SERVICEBERRY Amelanchier arborea

The Psalmist led the congregation of Israel to praise God for the beauty He provided in the fields, on the ridges and in the forests. In Psalms 65:10 we read, “You drench its furrows and level its ridges; you soften it with showers and bless its crops.” Oh, what imagery: God softens it and blesses it. Whenever we have suffered an extended period of rain, two or three days of sun cause us to say, “Thank you, Lord.”

Today we focus on a shrub or small tree that blooms in early spring. Its blossoms resemble multiple strands of soft yarn. There is a gentleness in their softness that also reminds me of the Psalmist’s words, “you soften it with showers.”


Amelanchier arborea

Other names for the serviceberry include shadbush and Juneberry. Some old-timers pronounce the name “sarvis berry.” The serviceberry on my former property normally bloomed around the time that Easter occurred each year. However, with an early warm spell it may bloom in early March. The name “shadbush” was given to this shrub because it blooms when the shad (fish) swim upstream.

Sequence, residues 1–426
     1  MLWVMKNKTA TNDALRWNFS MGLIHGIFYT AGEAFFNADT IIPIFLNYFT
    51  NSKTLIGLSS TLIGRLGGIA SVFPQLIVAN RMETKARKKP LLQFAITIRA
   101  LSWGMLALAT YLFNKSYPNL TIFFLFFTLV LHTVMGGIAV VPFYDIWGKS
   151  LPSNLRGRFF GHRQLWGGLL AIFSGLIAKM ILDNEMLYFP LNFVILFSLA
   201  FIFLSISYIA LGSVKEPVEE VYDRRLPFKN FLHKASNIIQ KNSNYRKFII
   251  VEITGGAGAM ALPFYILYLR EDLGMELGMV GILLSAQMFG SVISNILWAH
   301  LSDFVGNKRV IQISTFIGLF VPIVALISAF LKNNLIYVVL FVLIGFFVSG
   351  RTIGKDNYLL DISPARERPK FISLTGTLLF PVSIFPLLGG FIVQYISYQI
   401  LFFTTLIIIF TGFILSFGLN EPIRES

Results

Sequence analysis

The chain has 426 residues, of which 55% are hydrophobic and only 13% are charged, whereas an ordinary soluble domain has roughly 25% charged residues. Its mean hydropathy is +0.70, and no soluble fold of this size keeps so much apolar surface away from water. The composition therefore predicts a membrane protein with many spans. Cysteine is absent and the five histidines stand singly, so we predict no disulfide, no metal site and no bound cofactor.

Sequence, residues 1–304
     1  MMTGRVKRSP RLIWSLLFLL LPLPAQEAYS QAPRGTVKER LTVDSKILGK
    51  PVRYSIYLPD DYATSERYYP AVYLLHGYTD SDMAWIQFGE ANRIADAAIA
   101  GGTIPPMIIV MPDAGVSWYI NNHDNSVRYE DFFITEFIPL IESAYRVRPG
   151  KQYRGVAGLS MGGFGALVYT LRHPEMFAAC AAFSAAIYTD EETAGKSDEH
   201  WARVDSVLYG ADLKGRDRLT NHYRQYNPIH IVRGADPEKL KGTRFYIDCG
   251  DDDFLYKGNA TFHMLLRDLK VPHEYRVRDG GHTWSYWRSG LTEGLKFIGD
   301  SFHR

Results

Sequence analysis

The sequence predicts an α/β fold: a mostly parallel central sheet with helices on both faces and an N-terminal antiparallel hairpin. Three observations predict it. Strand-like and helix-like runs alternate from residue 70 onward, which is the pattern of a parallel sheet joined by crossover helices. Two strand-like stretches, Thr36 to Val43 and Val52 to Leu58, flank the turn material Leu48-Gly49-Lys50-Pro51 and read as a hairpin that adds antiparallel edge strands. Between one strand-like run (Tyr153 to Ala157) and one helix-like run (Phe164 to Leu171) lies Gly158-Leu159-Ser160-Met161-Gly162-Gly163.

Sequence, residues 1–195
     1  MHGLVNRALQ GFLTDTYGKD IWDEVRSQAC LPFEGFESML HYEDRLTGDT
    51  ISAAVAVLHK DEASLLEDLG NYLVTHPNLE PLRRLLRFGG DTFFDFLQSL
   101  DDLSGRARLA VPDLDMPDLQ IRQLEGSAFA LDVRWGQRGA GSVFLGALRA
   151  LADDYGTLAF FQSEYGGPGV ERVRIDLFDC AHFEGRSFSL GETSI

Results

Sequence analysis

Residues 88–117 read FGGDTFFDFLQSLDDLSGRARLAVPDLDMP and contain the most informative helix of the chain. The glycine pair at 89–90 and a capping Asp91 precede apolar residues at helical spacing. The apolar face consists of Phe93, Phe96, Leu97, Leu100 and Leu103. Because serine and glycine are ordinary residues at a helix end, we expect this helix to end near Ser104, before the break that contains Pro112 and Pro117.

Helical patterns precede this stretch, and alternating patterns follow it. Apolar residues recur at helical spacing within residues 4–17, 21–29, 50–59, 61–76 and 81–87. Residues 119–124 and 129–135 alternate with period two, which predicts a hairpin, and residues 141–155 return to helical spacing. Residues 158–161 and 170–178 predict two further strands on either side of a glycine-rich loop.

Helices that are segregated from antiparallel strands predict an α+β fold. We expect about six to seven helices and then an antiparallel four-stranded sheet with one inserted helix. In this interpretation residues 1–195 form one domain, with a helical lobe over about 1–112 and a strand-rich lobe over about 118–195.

The blooms consist of four wiggly white petals as pictured. The blossom may be as large as 1 1/2 inches in diameter and the petals hang down from 1 to 1 1/2 inches. The shrub may grow to about 30 feet, but most that I’ve seen are about 20 feet. The serviceberry is usually found in hardwood groves, rarely in pine forests.

The fringe tree (Chionanthus virginicus) is sometimes mistaken for the serviceberry. The first difference is that the fringe tree petals are three to five times longer than the serviceberry petals. Second, the serviceberry blossoms are scattered along the branches and twigs, whereas the fringe tree blossoms are heavily clustered toward the ends of the branches and twigs.

The name “Juneberry,” given to this shrub, is associated with the ripening of its fruit. One reference notes that the fruit is sweeter than the wild blueberry though it is smaller. Humans rarely get to taste them because raccoons, chipmunks, squirrels and songbirds regard them as a delicacy and constantly monitor their ripeness.

May this new year bring you many occasions of solitude and spiritual renewal that reminds you of the psalmists words, “you soften it with showers and bless its crops.”

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Orrin Morris is a retired Baptist minister, local artist and art teacher. To purchase a two-volume set of books featuring his wildflower columns, visit The Sketching Pad in Olde Town Conyers, or call 770-929-3697 or text 404-824-3697. Email him at

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